Amid the concerns around investing in property and shares, super funds as an asset class have in general delivered double-digit returns, according to two research groups.
Super funds delivered an average 10.7 per cent return for the year to June 30, 2017, marking the eighth consecutive year of positive growth, according to research group Chant West.
Even among the super funds, industry funds performed best, returning an average of 11.1 per cent. Meanwhile, for-profit retail super funds returned 9.7 per cent, meaning industry funds outperformed their competitors for all periods out to 15 years.
The funds were resilient even in the face of political and economic shocks such asthe election of Donald Trump as US President and Brexit.
"It's been a really interesting and, in many ways, surprising year because this strong result has been achieved against a backdrop of considerable uncertainty, both political and economic,” Chant West director Warren Chant said.
“It just shows how markets – which represent the combined views of thousands of professional investors – are able to cut through the 'noise' and focus on the investment fundamentals.”
Rival researcher, SuperRatings, came up with similar results, with the average fund return for last financial year topping 10.4%.
SuperRatings estimates that $140 billion has been added to super accounts in investment earnings for the year.
“At a time when inflation hovers below 2% per annum, Australian super funds continue to far exceed expectations, with accrued earnings of well over 100% since the end of the GFC. Over the last 5 years alone, funds have averaged 10% earnings every year, more than erasing the pain of the GFC and putting retirees in a significantly improved position than they could ever have hoped for,” said Jeff Bresnahan, SuperRatings chairman.
Industry fund Hostplus topped the list with a 13.2 per cent return, with even the worst-performing fund in the median-growth category delivering 7.4 per cent, according to Chant West.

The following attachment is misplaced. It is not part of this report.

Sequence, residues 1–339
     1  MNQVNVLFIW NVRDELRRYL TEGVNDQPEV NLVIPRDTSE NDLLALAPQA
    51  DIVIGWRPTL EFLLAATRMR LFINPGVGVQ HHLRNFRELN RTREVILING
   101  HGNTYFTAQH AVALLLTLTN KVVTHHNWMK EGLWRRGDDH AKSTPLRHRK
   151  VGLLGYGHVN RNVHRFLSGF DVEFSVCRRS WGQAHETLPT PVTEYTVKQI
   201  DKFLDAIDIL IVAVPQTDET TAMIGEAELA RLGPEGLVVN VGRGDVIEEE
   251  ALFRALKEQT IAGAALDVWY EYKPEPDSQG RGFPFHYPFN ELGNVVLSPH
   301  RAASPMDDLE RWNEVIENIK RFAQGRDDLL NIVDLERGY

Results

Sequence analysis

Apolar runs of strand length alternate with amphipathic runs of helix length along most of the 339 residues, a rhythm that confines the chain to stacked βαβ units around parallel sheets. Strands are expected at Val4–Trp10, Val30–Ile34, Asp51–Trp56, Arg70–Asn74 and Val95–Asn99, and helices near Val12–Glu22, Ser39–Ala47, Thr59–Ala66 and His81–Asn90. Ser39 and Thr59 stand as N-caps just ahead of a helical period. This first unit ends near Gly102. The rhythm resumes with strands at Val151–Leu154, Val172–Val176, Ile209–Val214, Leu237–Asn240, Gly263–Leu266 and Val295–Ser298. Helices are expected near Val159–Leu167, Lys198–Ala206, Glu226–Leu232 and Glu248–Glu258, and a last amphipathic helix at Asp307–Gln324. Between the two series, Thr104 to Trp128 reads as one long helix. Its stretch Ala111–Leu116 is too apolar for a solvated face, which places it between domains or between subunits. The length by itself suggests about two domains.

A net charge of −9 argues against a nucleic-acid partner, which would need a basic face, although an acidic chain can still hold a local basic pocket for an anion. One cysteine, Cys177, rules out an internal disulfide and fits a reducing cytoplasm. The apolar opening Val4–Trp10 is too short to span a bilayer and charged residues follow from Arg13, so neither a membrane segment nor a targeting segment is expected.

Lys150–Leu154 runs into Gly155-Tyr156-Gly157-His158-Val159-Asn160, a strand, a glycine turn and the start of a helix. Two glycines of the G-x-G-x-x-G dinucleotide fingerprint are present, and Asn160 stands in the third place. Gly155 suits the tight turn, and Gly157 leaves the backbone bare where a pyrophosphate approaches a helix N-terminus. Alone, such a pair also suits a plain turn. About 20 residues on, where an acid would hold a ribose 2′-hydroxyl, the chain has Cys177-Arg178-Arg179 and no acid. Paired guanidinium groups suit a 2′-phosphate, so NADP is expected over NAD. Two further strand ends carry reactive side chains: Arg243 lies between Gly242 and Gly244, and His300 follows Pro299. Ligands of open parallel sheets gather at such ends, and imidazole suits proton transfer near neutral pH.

Funds in the median growth category have 61 per cent to 80 per cent allocation to growth assets and are usually the preferred ones.
Funds that excelled this year tended to go against the investment trend, by having higher allocations to unlisted assets, which traditionally come at a significantly higher cost than the increasingly popular passive strategies, said SuperRatings in a media release.
“This once again debunks the argument that low cost investment strategies are good for Australians. Low cost passive strategies will only guarantee chronic regular underperformance, which will impact retirement benefits for all Australians and undermine the superannuation system.”
The top 10 performing funds in 2016/17 covered more than 6 million Australians and all exceeded the SuperRatings’ Industry Benchmark of 10.4%, it said.
The key points to note for the 2016/17 financial year, according to Chant West were.
- Hedged international shares were the strongest performing asset sector, surging 18.9%. However, the appreciation of the Australian dollar pulled this return back to 14.7% in unhedged terms.
- Australian shares performed strongly with a return of 13.8%.
- After being the strongest performer in 2015/16, Australian listed property was the worst performing sector this year, falling 5.6%. Global listed property fared better, but still returned just 2.2%. Unlisted property, on the other hand, had another solid year, up 10.3%.
- Infrastructure also performed well, with global listed infrastructure up 11.1% and unlisted infrastructure delivering returns in the low teens. Private equity also provided a healthy return of 11.3%.
- The traditional defensive asset sectors yielded very low returns. Australian and international bonds barely made it into positive territory with returns of 0.2% and 0.5%, respectively, while the return from cash was just 1.8%.